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Sex After Heart Attack: Talk with Your Doctor

 

by the Go Red For Women Editors

Sexual health can be an important part of your overall health—and a heart attack should not get in the way. Female heart attack patients and healthcare providers are encouraged to engage in an open dialogue about their sexual health as part of treatment.

“Most women don’t have discussions with their doctors about resuming sex after a heart attack even though many experience fear or other sexual problems,” said Emily M. Abramsohn, M.P.H., a researcher at the University of Chicago and lead author of a recent study on women’s sex health after a heart attack featured in the Journal of the American Heart Association . “We wanted to get a better understanding of women’s sexual recovery and how it could be improved.”

Most women initiated conversation with their doctors, resumed sexual activity within four weeks

In this study, researchers surveyed 17 women in depth about their sex lives before and after their heart attacks. The women, average 60 years old, were married or in long-term relationships. Researchers found that after their heart attacks:

  • Most women and many of their partners were afraid to have sex again. They wondered when it was safe to resume sex and how much exertion their hearts could handle.
  • Despite this fear, most women resumed having sex, many within four weeks.
  • Most women wanted to have sex to be close to their partner again and get back to a “normal” life.
  • Of the few women who talked with their doctors about resuming sex, most initiated the discussion.

Ask your doctor about your concerns

Cardiologists could ease concerns about sex after a heart attack if they talked openly with their patients about what to expect, Abramsohn said. The discussion should start while the woman is still in the hospital and continue throughout her recovery with other members of her healthcare team.

“It’s important for you and your partner to know you’re not alone in your confusion and fear about returning to sex after a heart attack,” Abramsohn said. “If your doctor isn’t giving you information to help you feel more comfortable about it, it’s important for you to ask them for it.”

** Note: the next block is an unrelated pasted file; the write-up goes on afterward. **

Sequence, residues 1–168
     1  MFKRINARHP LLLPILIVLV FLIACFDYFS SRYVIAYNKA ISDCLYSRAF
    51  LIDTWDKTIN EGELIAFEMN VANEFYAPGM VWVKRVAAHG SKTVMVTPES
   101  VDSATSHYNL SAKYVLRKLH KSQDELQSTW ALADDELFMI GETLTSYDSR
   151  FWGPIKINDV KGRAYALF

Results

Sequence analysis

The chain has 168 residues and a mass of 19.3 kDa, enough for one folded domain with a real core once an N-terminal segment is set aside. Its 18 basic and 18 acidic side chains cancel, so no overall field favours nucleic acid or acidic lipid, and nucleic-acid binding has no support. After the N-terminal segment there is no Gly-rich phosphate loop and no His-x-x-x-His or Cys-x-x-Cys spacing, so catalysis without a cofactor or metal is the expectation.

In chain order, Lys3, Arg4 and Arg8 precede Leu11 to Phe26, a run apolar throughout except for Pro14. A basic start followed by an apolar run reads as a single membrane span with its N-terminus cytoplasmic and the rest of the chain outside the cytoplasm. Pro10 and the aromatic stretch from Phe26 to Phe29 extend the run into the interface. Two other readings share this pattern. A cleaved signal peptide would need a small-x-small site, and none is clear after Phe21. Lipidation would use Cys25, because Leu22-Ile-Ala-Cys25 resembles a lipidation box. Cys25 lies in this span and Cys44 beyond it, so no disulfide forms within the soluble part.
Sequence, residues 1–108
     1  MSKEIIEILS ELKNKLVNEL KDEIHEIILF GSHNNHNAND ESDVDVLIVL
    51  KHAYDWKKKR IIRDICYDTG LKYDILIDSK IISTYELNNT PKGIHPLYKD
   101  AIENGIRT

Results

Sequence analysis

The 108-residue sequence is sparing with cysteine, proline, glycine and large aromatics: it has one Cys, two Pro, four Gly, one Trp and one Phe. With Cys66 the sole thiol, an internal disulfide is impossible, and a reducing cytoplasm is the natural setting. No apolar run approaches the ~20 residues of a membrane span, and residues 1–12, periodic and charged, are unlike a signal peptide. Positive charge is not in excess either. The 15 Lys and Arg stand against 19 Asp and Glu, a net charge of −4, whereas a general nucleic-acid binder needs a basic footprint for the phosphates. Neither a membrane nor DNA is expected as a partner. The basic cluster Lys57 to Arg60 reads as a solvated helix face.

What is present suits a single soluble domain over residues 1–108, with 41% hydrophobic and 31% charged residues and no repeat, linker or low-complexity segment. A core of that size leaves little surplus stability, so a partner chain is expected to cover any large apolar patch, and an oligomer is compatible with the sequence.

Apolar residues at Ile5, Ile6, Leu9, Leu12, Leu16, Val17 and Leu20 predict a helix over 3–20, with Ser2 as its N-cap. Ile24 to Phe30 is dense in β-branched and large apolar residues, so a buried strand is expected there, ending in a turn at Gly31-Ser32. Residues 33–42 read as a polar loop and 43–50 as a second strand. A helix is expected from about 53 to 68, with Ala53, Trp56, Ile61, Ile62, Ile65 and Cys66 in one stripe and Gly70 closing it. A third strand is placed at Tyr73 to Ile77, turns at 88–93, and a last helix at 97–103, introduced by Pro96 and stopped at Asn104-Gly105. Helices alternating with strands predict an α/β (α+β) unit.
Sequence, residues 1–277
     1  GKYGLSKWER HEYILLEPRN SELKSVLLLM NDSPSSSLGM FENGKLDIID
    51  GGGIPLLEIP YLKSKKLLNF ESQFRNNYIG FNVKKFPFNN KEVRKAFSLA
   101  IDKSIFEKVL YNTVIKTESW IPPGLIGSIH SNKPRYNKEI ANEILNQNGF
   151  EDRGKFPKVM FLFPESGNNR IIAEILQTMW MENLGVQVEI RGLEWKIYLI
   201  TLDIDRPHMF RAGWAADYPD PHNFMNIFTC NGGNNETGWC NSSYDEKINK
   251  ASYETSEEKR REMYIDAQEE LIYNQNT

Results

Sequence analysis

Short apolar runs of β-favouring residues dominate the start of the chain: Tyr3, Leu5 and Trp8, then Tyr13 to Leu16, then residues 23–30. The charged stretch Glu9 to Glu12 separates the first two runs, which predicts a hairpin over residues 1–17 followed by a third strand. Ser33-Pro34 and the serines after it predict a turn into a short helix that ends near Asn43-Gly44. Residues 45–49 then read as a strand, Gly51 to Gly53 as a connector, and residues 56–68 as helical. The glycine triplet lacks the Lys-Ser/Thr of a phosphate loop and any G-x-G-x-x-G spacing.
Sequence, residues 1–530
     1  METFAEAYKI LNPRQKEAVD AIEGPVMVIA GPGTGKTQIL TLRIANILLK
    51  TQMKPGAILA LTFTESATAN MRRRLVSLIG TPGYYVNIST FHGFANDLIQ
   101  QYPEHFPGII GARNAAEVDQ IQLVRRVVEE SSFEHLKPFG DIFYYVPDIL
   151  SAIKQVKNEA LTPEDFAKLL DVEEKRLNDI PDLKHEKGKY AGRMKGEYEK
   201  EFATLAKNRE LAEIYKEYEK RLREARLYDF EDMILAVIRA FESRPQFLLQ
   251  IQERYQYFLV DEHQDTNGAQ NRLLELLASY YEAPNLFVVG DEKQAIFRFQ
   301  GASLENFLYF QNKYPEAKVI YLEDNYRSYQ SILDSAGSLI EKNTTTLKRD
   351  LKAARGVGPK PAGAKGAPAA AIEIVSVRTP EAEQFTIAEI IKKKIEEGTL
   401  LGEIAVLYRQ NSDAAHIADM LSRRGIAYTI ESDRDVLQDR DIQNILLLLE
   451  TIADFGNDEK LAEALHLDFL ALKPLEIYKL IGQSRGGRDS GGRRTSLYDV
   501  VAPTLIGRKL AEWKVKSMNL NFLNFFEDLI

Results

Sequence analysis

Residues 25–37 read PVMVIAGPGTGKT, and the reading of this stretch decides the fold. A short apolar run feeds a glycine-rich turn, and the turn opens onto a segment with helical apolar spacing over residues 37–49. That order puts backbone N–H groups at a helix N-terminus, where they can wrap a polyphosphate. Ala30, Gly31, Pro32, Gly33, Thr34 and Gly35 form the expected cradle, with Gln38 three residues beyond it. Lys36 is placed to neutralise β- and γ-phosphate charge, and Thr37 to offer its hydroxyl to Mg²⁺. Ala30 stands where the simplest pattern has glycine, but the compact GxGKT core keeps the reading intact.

How your doctor can help

According to recommendations by American Heart Association, healthcare providers treating heart attack patients should do the following relating to sexual health:

  • Provide routine assessments after a cardiac event and during follow-up visits to determine if the patient is healthy enough to resume sexual activities.
  • Give individualized, structured counseling based on specific needs and medical condition.
  • Discuss recommended positions, how to be intimate without having sexual intercourse and when to resume sexual activity.

Exercise stress testing is recommended for some patients to determine if the heart is strong enough to resume sexual activity. Physical activities such as brisk walking may be suggested for some heart patients before resuming sexual activity. In addition, while heart medications can affect sex drive and function, patients should talk to their healthcare provider before stopping any medications. A healthcare provider can determine if sexual problems are caused by the drug or an underlying condition such as depression.

Make sure you speak with your doctor to receive the treatment you need. Learn more about sex and heart disease on Go Red For Women.